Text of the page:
Ford v. Ferrari has no ambition except to entertain, and it does so exceedingly well. That’s not something I take for granted. A great true-life story, a sharply written screenplay, superior production values, and a perfect cast are the basic ingredients, deftly orchestrated by director James Mangold.
We’ve come to expect excellence from Matt Damon, who plays celebrated auto designer Carroll Shelby, but we haven’t seen Christian Bale in a lighthearted role for some time, so it’s a special treat to watch him wearing a smile as maverick race car driver and engineer Ken Miles. This is the story of their knockabout friendship as they take on the challenge of producing a car that can compete with Enzo Ferrari’s to win the grueling 24-hour Le Mans race in 1968.
The film moves at a brisk pace and almost never flags over its 152-minute running time. The race scenes are incredibly vivid and exciting, making expert use of visual effects to heighten the experience beyond what was possible in the last generation of white-knuckle films in this genre (like Le Mans, from 1971).
The script is credited to Jez Butterworth, John-Henry Butterworth, and Jason Keller, who populate the film with colorful if broadly drawn characters. My only complaint is a piece of foreshadowing that stands out like a neon billboard, prompting us in the audience to wait for an incident that is bound to happen somewhere along the road. If I were a screenwriting teacher I would penalize a student who did something like that.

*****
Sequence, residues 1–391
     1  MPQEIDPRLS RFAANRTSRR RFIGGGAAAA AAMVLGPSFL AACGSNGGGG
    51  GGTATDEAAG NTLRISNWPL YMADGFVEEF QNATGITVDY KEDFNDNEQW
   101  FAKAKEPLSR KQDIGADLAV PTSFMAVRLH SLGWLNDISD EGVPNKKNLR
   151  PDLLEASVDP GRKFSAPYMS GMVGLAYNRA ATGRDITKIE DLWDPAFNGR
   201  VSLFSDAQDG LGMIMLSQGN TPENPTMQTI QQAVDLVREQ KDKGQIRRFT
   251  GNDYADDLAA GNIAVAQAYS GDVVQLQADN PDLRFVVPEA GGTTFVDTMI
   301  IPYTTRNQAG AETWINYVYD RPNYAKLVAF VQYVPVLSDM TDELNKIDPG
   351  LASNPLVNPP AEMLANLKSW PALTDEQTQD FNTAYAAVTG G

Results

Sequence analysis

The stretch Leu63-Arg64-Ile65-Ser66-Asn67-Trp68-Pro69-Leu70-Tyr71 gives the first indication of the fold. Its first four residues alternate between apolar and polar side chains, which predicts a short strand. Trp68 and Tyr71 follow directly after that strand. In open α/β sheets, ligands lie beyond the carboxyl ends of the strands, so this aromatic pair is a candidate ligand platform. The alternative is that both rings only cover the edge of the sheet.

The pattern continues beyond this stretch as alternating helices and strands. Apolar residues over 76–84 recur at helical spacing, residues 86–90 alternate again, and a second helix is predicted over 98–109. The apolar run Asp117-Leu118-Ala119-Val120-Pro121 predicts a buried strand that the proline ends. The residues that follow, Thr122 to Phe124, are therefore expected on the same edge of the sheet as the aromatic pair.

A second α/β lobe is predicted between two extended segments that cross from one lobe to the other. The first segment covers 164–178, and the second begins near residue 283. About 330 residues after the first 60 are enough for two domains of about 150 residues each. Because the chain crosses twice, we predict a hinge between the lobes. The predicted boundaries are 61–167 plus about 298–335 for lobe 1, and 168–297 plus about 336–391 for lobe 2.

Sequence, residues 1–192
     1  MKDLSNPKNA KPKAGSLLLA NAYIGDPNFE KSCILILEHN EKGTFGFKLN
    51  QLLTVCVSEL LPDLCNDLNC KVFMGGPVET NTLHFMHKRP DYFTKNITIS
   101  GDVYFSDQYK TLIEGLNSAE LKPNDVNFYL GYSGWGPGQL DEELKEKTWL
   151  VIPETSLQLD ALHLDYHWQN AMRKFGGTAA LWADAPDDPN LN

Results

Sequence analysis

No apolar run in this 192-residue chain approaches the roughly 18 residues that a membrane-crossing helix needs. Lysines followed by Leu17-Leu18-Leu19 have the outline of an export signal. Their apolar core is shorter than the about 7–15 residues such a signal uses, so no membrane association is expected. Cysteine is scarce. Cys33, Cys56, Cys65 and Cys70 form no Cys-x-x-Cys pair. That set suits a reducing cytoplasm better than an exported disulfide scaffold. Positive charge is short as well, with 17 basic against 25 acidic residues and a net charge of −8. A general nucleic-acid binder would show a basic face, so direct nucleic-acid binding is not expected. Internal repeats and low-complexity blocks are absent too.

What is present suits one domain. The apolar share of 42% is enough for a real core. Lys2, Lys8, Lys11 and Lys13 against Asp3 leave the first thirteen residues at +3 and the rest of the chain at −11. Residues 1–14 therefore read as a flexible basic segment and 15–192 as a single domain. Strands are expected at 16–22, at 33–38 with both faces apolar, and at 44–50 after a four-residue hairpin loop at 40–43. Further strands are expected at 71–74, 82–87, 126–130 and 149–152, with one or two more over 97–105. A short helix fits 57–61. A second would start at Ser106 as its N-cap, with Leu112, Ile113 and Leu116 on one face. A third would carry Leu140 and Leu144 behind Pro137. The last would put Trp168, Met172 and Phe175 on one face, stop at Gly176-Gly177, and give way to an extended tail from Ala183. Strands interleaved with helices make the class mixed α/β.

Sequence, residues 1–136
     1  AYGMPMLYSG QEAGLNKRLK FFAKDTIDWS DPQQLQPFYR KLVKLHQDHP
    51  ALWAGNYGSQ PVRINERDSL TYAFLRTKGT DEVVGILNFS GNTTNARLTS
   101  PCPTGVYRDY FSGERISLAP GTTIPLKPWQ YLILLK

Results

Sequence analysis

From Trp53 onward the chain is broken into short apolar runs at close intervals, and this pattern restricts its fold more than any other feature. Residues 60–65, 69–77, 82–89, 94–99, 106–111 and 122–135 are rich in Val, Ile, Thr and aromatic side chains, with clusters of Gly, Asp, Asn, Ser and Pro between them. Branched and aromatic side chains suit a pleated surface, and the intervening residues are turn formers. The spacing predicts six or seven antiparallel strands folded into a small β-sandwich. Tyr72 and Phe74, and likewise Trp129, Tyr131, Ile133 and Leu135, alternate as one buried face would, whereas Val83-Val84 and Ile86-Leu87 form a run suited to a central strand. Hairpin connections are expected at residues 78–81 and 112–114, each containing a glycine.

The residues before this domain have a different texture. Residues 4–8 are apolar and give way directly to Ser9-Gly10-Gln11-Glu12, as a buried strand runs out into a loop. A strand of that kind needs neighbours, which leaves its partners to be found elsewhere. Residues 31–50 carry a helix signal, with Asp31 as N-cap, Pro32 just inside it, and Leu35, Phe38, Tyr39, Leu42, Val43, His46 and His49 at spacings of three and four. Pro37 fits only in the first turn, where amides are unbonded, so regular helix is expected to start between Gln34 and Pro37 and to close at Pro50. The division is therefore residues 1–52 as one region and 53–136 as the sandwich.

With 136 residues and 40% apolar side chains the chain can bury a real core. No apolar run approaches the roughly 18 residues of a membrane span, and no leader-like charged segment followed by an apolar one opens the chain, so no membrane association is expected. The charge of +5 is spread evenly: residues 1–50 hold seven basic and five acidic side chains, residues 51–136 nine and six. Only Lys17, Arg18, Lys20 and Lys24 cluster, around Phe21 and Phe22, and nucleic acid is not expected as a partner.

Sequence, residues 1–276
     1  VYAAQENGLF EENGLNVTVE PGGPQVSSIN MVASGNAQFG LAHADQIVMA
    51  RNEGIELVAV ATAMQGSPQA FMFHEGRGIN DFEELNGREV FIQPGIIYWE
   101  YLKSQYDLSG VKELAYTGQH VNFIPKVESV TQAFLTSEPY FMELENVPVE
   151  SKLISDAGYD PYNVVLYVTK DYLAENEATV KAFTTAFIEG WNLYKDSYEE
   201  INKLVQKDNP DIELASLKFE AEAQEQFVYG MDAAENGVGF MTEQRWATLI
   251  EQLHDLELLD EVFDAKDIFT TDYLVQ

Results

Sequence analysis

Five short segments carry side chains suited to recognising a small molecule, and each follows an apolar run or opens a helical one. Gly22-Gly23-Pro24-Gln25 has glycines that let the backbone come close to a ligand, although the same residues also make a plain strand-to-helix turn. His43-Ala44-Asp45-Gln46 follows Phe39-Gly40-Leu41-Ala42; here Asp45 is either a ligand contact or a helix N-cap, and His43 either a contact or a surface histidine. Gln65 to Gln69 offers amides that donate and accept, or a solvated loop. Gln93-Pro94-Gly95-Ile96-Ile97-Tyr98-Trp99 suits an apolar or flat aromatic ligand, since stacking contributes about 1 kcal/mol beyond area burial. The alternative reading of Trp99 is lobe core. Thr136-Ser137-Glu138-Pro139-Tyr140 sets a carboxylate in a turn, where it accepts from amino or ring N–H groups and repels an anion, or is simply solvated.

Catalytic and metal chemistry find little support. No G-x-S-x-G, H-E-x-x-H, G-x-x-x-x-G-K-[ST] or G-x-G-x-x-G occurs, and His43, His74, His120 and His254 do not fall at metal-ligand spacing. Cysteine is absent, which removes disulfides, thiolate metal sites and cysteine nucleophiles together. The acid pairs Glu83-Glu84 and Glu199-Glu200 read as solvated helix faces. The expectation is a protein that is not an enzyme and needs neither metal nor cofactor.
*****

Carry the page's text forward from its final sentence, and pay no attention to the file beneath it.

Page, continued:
Tracy Letts makes the most of his juicy part as Henry Ford II, an impossibly tough boss who knows what he wants and expects to get it with no questions asked. Josh Lucas is appropriately oily as a sycophantic Ford manager who locks horns with Shelby and refuses to back down—ever.
Shelby is sincere and well-adjusted while his comrade in arms is a loose cannon—supremely talented but equally headstrong. Like the Chuck Yeager character in The Right Stuff, he’s married to a good woman (Caitriona Balfe) who understands his passion for cars and gives him the space he needs. Noah Jupe is quite likable as his hero-worshipping son.
It’s rare to find a mainstream Hollywood film that works on so many levels. Ford v. Ferrari fills the screen with breathtaking action scenes and equally provocative character development. I’d call that a win-win.